Barcelona: Golden Threads of Catalonian Fleece

Photo of Barcelona
Photo of Barcelona by ikuday /

My amada and I arrived in Barcelona from Paris. We saw from the start the two cities have much in common. Both went through architectural reorganization in the latter nineteenth century. Both have obelisks, both have towers (Eiffel, and the human castellers). Both have a gothic pong of open sewer. 

And rain. Great clouds, like scoops of gray mashed potatoes, heaped over the Collserola. The storm broke over the city, and we watched the rain from our corner room at the Hotel El Palace. We were the only ones lunching at the hotel; in the empty room, the clack of our olive pits on the plate, the rattle of ice in our sangrias were sounds of relief and warmth. 

“Where is everyone?” we asked the waiter. 

“They’re enjoying the rain!” he said. “The heat was like a boot heel on us; the rain lifted it off.”

We couldn’t stay in while everyone else was outside. So, we stood underneath the pelvic-bone balconies of Casa Batlló, watching the purple streaks of lightning, aahing at the thunder with the crowd; we looked through the orchestral scores at Casa Beethoven; we went to the Palau de la Música to hear the Barcelona Guitar Orchestra. 

A conversation outside the theater: “Of course I want her back. I love her. I feel like Orpheus. He was a demagogue. Or a demigod. Or something. He went into Hell to get his wife back, but she’d turned into a pillar of salt.”

That kind of ambiguous, imprecise lusting was typical of Orpheus himself, and the allusion to him was apt. Orpheus, Thracian poet and musician, was also one of the Argonauts who joined Jason in his search for the Golden Fleece. One version of that legend is a hodgepodge of heroes and locations: Heracles was also there, there were eight other ships besides the Argo, the Iberia they sail for is not in the Caucasus (as the Greeks knew it) but the Catalonian coast. A typical progression occurs: storms, shipwreck, discovery, and the founding of Barca Nona, the ninth ship.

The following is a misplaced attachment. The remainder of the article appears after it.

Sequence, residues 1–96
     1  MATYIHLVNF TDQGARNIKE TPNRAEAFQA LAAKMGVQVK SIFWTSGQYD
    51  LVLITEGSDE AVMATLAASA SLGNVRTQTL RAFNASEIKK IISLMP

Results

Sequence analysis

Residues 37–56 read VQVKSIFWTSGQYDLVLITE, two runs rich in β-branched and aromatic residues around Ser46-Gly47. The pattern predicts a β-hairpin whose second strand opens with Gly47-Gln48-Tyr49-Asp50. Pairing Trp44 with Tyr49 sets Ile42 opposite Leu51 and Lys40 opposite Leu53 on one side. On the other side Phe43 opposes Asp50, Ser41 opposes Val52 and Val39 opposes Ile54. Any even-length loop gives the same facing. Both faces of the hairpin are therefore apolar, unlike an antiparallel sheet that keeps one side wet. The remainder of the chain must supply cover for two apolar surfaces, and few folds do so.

Another similarity between Paris and Barcelona: both love their books. But whereas literary Paris is hobbled with one foot stuck in the mud of celebrity (are there any serious people in the queue at Shakespeare and Company?), Barcelona pops with an energy bordering on fever.

High emotion breeds art, and in a country that has made high emotion a national pride, Catalonia is something of a trendsetter. Besides being the home of that one temperamental, innovative artist (and that other one), it has birthed a literature of hope and scandal. Víctor Català’s Solitude, Josep Maria de Sagarra’s Private Life, Monserrat Roig’s Goodbye, Ramona. I saw all these at Llibreria Ona, a bookstore and cultural center on Pau Claris. 

These Catalan books were beside other, foreign books translated into the language: Woolf’s La senyora Dalloway, Tolstoy’s Guerra i pau, and Colm Tóibín’s Mares i fills. There was a small section set aside for other languages (among them, Castilian Spanish), given over exclusively to translations of Catalan writers.

We had asked that same waiter at El Palace about the language. He spoke it, but only at home—work was given over to English or Castilian. “It’s difficult to live in Barcelona in Catalan,” said Iolanda Batallé, Ona’s director and author of Faré tot el que tu vulguis (I’ll Do Anything You Want). “But fighting for any minority language is also fighting for diversity.” 

Making Catalan the only option is Ona’s way of elevating the language. There are around nine million speakers of Catalan, and the writing industry is comparatively strong: thousands of books a year are published in the language. Our progression was Grecian, through a storm to discovery. We left with titles by Alicia Kopf, Joan Sales, and Mercè Rodoreda; some golden threads of this Catalonian fleece.

Gladstone, Manitoba

J. R. Patterson was born on a cattle and grain farm in rural Manitoba, Canada. He has worked as a farm laborer, factory worker, and writer. He has written for a variety of international publications, including National Geographic, Literary Review of Canada, and LARB.